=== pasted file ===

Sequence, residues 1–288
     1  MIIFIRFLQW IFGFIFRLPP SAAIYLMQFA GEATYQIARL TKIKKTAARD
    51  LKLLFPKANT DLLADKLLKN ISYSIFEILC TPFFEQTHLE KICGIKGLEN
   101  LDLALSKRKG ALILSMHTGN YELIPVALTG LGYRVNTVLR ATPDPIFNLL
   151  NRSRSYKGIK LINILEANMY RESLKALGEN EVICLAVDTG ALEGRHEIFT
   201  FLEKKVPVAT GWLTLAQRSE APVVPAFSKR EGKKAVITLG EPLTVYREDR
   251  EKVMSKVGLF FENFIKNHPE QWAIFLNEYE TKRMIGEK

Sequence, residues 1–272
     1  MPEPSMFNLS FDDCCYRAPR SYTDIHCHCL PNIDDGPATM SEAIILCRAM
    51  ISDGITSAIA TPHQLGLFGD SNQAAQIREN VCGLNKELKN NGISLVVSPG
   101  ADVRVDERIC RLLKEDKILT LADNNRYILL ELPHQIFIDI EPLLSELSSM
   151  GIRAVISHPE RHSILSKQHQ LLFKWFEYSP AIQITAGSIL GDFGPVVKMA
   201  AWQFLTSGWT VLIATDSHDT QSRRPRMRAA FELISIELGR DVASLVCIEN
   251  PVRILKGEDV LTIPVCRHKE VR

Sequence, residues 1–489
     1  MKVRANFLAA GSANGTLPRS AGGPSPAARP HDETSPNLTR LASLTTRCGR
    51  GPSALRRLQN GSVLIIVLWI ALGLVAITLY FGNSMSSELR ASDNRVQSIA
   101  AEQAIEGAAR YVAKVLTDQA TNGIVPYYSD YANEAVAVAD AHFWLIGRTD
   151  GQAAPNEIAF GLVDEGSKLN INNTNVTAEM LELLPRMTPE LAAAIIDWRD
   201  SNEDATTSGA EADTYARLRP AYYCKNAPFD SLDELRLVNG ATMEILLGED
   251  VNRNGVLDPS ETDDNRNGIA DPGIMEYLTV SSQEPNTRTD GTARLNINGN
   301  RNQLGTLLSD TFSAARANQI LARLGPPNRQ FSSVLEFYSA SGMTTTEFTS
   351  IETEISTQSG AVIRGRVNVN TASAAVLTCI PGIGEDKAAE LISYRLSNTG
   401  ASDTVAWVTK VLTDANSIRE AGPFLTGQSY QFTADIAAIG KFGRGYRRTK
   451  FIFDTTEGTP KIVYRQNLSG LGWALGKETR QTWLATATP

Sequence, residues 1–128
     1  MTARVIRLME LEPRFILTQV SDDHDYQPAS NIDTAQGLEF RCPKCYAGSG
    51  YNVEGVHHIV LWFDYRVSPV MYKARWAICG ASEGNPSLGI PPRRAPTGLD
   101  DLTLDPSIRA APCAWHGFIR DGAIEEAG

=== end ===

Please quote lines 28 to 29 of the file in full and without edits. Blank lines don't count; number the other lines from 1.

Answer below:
    51  YNVEGVHHIV LWFDYRVSPV MYKARWAICG ASEGNPSLGI PPRRAPTGLD
   101  DLTLDPSIRA APCAWHGFIR DGAIEEAG